"Never did I fathom I would lose the role over a 10-day overlap."
Even when a movie is successful enough to earn a sequel, that doesn't always guarantee the cast an invitation to return for the follow-up. Whether it's due to a scheduling conflict, script changes, or salary disputes, sometimes a studio decides they have to switch things up the second time around.
Actors like Terrence Howard and Rachelle Lefevre were both recast when it came time to make an additional movie in the series they'd already filmed. Although the actors weren't always happy about the decision, the studios felt it was in the best interest of the project -- and hoped that the audience wouldn't notice!
Jodie Foster starred in "Silence of the Lambs" but when it came time for the sequel, "Hannibal," she opted not to return. She says the reason she didn't sign on for the film was because she was working on another movie but when asked what she thought about how the film turned out, she didn't seem to have anything nice to say. She ended up getting replaced by Julianne Moore.
"The official reason I didn't do 'Hannibal' is I was doing another movie, 'Flora Plum.' So I get to say, in a nice, dignified way, that I wasn't available when that movie was being shot...I saw 'Hannibal.' I won't comment," Jodie told Total Film.
Terrence Howard originally played the role of Tony Stark's right-hand man Rhodey in the first "Iron Man" movie but didn't return for the follow-up. Despite the massive success of the film, he says he was given a huge pay cut that he couldn't accept. At one point, he even blamed the whole thing on his co-star Robert Downey Jr.
"It turns out that the person that I helped become Iron Man, when it was time to...re-up for the second one, [he] took the money that was supposed to go to me and pushed me out. We did a three picture deal [but] they came to me for the second and said, 'We will pay you one-eighth of what we contractually had for you, because we think the second one will be successful with or without you.' And I called my friend that I helped get the first job, and he didn't call me back for three months," Terrence revealed on "Watch What Happens Live."
Ed Norton took on the role of the Hulk after Marvel reacquired rights to the character in the early 2000s. After wrapping "The Incredible Hulk," there were reports that Ed disagreed on the direction Marvel decided to take the project but he says he ultimately didn't return to the role because he didn't want to be typecast. He was later replaced by Mark Ruffalo.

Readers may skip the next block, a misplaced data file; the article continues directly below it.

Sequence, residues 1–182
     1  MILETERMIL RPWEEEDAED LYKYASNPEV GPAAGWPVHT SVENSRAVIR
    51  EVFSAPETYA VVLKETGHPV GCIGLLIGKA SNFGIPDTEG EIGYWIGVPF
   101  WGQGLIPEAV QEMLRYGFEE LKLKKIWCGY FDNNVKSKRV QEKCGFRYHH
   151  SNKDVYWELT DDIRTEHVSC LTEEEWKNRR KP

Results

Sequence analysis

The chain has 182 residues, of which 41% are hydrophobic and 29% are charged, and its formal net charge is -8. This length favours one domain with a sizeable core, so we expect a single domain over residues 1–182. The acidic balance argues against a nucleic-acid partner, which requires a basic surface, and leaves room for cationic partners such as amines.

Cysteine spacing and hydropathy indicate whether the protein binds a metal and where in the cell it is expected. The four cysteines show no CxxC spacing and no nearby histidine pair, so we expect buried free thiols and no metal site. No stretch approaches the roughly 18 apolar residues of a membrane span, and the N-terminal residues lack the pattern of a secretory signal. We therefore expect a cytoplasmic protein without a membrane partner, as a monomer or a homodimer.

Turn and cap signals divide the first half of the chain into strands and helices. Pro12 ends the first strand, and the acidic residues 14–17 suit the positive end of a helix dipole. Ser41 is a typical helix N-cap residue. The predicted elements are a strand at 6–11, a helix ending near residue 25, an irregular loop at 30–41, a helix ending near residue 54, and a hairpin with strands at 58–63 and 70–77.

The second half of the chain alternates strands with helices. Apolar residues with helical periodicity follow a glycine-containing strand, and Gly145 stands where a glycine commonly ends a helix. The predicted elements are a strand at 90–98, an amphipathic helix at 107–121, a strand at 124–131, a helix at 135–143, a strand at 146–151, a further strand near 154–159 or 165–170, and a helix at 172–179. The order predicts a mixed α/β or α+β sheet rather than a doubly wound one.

"My feeling was that I experimented and experienced what I wanted to. I really, really enjoyed it. And yet, I looked at the balance of time in life that one spends not only making those sorts of films but then especially putting them out, and the obligations that rightly come with that…I think you can sort of do anything once, but if you do it too many times, it can become a suit that's hard to take off, in other people's eyes," Ed explained to NPR.
4. Rachelle Lefevre
Rachelle Lefevre played Victoria in the first two "Twilight" films but was replaced in the third film due to a scheduling conflict. The actress explained that she had signed on for a film with a shooting schedule that only lasted 10 days but when the production schedule was made for "Eclipse," the dates overlapped. Rachelle says that the studio refused to work around the other film and she was dropped from the movie. Instead, her part was portrayed by Bryce Dallas Howard.
"I was fully committed to the 'Twilight' saga, and to the portrayal of Victoria. I turned down several other film opportunities and, in accordance with my contractual rights, accepted only roles that would involve very short shooting schedules. My commitment to 'Barney's Version' is only ten days...Although the production schedule for 'Eclipse' is over three months long, Summit said they had a conflict during those ten days and would not accommodate me...Given the length of filming for 'Eclipse,' never did I fathom I would lose the role over a 10-day overlap. I was happy with my contract with Summit and was fully prepared to continue to honor it. Summit chose simply to recast the part," she told Access Hollywood.